Saturday, January 27, 2007

Too much information?

There was an profile in the Washington Post Friday about CNN's Headline News' newest acquisition: Glenn Beck.

According to the article, Headline News is envious of Fox's ratings, so they hired a conservative to discuss the days issues in his own opinionated voice. But, as David Segal said in the article, Beck is a lot different from O'Reilly.

"While most sermonizing conservatives wait for a public debacle to expose their failings -- think of William Bennett and his slot-machine addiction, or Rush Limbaugh and his pill problem -- Beck and his many inner demons are on a first-name basis, and he's constantly introducing them to viewers. His alcoholism is just part of it."

I have seen his show. Beck does talk about his previous bouts with alcoholism, his religion, his attention deficit disorder, his religion, his former "jerkdom," etc.

But is it too much information?

Some may say yes, but in an age when even national news organizations are trying to show the viewers a different side to their anchors and reporters, what's wrong with Beck showcasing his downfalls? Those issues in his life made him who he is today.

My previous posts have talked about objectivity in the news and how it is non-existent. Beck is simply speaking his mind about world issues, but he is ALSO giving context to why he feels the way he does.

Segal said, "With Beck's show, Headline News is hoping that viewers will watch a guy wrestle with himself, as well as with C-list pundits."

We all grapple with the tough issues in the world and with ourselves. We can relate to Beck. Or, at least I can.

According to Beck's numbers more than 330,000 people can relate to him as well. Headline News said Beck's numbers have doubled since he started.

I wouldn't go to Beck's show to get the news of the day, I would tune into Beck to see a real-life "regular" guy grapple with the days events just as we may be.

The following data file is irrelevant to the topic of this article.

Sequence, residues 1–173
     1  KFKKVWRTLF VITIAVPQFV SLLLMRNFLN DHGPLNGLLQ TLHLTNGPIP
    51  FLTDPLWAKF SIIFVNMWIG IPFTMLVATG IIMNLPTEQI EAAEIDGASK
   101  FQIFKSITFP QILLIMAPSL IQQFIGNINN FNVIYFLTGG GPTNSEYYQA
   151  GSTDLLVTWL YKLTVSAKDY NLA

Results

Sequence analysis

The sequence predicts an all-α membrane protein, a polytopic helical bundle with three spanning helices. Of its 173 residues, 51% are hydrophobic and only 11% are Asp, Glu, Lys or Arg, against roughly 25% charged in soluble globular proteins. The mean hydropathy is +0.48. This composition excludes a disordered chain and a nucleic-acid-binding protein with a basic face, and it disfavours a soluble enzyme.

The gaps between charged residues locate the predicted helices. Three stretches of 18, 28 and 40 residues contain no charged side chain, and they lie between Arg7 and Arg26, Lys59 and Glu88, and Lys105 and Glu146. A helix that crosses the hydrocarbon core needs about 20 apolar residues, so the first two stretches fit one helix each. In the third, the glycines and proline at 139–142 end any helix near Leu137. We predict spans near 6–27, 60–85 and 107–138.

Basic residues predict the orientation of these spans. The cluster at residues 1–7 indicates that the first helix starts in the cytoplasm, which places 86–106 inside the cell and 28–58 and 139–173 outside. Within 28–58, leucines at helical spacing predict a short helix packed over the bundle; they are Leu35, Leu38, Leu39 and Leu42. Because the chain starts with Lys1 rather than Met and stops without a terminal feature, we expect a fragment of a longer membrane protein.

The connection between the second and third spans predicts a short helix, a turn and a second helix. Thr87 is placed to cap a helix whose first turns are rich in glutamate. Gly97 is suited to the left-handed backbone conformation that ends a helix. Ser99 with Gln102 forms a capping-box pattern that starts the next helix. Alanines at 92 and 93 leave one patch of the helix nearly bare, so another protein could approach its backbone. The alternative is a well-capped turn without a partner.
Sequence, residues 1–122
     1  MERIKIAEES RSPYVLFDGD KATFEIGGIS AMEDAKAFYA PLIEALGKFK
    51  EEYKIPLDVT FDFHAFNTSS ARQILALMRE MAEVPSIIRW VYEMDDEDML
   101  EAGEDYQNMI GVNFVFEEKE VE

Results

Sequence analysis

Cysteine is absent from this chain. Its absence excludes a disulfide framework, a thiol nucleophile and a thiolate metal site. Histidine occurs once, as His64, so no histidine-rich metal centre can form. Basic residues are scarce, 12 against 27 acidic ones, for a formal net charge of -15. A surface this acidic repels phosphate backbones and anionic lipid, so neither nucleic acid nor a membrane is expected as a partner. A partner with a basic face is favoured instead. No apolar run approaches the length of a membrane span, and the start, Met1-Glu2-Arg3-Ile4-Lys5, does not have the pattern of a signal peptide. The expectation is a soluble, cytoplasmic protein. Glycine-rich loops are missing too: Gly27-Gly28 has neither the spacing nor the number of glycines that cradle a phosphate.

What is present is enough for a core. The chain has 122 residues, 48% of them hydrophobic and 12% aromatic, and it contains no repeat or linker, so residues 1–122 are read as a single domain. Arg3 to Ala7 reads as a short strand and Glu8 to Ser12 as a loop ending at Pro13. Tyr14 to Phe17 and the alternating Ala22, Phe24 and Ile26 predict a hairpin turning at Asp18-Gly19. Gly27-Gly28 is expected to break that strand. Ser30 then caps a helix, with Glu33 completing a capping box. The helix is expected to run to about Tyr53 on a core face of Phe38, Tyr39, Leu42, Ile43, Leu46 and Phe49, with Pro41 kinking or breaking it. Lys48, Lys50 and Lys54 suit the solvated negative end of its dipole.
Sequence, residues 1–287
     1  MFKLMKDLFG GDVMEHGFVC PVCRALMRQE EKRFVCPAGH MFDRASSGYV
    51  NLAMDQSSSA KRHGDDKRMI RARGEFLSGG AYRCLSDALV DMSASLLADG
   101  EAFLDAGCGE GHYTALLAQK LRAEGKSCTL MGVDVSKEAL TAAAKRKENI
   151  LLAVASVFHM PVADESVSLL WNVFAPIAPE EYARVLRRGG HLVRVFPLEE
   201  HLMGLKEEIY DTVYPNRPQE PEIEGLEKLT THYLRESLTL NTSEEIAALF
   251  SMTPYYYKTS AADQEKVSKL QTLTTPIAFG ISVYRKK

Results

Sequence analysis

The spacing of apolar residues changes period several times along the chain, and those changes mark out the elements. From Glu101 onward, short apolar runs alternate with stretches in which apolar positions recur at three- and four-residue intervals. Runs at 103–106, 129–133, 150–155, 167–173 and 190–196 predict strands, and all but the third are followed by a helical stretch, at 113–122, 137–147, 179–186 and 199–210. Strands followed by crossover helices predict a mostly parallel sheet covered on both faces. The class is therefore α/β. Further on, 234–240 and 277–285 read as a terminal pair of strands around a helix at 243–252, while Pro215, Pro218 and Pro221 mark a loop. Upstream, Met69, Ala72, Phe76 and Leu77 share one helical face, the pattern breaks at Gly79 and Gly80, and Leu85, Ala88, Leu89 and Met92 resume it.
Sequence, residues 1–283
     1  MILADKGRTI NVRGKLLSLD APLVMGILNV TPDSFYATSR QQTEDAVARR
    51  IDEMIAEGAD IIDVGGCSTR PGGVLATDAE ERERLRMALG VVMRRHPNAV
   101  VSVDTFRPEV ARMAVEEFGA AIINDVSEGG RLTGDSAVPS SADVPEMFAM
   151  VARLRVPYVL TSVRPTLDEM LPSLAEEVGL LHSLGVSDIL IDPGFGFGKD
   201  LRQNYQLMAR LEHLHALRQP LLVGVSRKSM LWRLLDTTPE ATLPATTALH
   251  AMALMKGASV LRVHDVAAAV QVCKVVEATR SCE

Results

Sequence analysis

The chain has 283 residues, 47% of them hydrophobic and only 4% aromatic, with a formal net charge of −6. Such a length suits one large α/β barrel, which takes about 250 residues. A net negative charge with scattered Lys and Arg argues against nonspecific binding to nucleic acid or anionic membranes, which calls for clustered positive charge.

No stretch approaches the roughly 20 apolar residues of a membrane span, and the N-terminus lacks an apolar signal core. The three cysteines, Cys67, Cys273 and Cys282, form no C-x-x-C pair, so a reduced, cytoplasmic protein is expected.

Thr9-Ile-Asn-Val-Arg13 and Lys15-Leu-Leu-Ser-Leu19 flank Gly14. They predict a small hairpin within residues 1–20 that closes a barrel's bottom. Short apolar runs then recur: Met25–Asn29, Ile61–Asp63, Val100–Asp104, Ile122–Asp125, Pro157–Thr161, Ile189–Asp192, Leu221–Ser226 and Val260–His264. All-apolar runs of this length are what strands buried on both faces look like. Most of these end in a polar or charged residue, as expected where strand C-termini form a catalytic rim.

Beck told Segal in the article: "I know what I believe, but I'm not an ideologue. I will ask, not just on TV but in the privacy of my own home, 'Gosh, is that right?'"



At Saturday, January 27, 2007, Blogger Medill Media Watch said...

I think there are different kinds of programming for the same reason that each restaurant, retail store, etc. offers variety. Media is no different--we've got choices in what news we watch/read/listen to and they are as varied as the sections of a local paper. AND of all the sections, its the editorial page that is the only one truly free to editorialize simply in light of how it's presented.

I think its great, necessary, even fun to have different kinds of news but I think its important for media to explicityly classify their content according to what they are and not pitch them as something they are not. If
Beck is an editorilizing, opinion-driven talk show host then give him his due classification--that's how he's proven himself and his reputation deserves to influence how he is classified as a broadcaster.


At Sunday, January 28, 2007, Blogger Medill Media Watch said...

It can be too much information.

Give me context, but don't give me your life story.

Good for CNN for being "envious" of Fox's ratings. If envy prompts the network to present more varied perspectives in its programming, I say, go for it.

I applaud Beck for being upfront about his demons, but I don't want tales of his personal picadillos to detract from what I'm tuning in for - insight on the day's news.

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